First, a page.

Business leaders should consider where to compete and how to maximise returns.

Jonathan Randall is an entrepreneur whose focus has brought success. His company, Jonathan Randall Kitchens manufacture and install traditional, high quality, bespoke, handmade kitchens to Cotswolds country homes and houses throughout the county. By giving his name to the company, Jonathan Randall who owns and runs the Uley based business, effectively stamped his signature of quality and exceptional personal service across everything he and his staff stand for and do within the company. This is clearly evident, where it matters most, from the excellent feedback from clients.

I have been working with Jonathan since he joined the LEAD programme two years ago after an introduction from a business colleague. Jonathan had never before taken time out of his organisation to consider improving himself and his company’s performance. This was a big step for him and he wanted to make the most from it.

The game changer for him was identifying for the first time in the company’s five year history where he made money. Firstly, he discovered that a related enterprise did not make the necessary returns compared to his main business so he exited this less profitable area.

To ensure the highest levels of quality, Jonathan and his team undertake every element of the process. The slowest step is in manufacturing which consequently determined the profitability of the business. Unearthing this insight, Jonathan immediately ensured that personnel utilised all available time on the key steps in production. Next, he introduced production scheduling to improve the overall planning as well as flow through the operation. Immediately output improved, the profitability of the company dramatically grew and, most importantly, cash flow swelled.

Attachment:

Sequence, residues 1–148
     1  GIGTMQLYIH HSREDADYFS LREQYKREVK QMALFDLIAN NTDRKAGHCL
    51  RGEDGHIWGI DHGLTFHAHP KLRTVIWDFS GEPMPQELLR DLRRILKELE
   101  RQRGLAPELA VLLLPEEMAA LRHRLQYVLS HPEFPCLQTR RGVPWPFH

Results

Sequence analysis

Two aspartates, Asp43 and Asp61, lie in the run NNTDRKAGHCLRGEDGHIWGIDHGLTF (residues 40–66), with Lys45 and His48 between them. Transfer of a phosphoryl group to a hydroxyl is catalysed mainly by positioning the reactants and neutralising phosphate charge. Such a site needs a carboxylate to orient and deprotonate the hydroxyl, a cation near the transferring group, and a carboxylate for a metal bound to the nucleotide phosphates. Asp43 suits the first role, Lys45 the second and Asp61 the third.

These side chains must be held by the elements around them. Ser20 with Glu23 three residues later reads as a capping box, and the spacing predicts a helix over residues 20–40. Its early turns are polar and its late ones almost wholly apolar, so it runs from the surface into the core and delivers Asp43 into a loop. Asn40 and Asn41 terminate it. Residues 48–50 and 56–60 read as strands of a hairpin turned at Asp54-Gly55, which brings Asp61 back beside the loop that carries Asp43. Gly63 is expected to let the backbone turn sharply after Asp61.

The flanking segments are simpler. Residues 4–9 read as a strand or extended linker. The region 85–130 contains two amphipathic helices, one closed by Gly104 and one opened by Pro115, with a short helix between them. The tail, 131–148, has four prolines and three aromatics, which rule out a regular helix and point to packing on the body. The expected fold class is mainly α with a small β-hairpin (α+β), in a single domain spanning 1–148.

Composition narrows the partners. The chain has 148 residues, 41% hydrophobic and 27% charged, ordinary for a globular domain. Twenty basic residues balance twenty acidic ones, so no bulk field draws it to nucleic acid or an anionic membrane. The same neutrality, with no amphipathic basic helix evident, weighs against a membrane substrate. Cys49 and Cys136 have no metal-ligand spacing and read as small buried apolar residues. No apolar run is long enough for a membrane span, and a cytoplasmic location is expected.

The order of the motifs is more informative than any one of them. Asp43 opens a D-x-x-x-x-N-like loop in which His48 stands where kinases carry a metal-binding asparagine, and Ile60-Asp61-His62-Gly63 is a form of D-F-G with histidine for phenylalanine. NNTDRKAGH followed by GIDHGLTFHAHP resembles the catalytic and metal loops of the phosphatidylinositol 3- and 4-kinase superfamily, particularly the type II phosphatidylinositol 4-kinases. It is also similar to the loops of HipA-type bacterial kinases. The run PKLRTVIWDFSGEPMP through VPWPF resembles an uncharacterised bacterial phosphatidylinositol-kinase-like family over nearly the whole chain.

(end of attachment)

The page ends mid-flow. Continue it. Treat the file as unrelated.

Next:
With demand also increasing, Jonathan came to a meeting with his peers on LEAD, who were all running growing companies, and asked what he should do next. This uncertainty is common amongst owner-managers and is identified as a barrier to growth in my book, LEADing Small Business. Jonathan and his peers wrestled with this issue with Jonathan leaving the meeting having agreed to invest a six-figure sum in new machinery and expand his premises by building an extension to his workshop and a new showroom where his clients can view a range of kitchens in comfortable surroundings.

The final piece in the jigsaw was employing new production staff and a “number two”, a manager who could support Jonathan in the next stage of his growth plan.

In Jonathan’s own words. “LEAD has reassured me that I am not on my own when dealing with business issues and has given me the strength and confidence to deal with any business challenge to move forward. I’ll always be grateful to my peers who gave me the encouragement to forge ahead and make the major investments in my company.”

This article first appeared on and in Gloucestershire Echo and Citizen newspapers.

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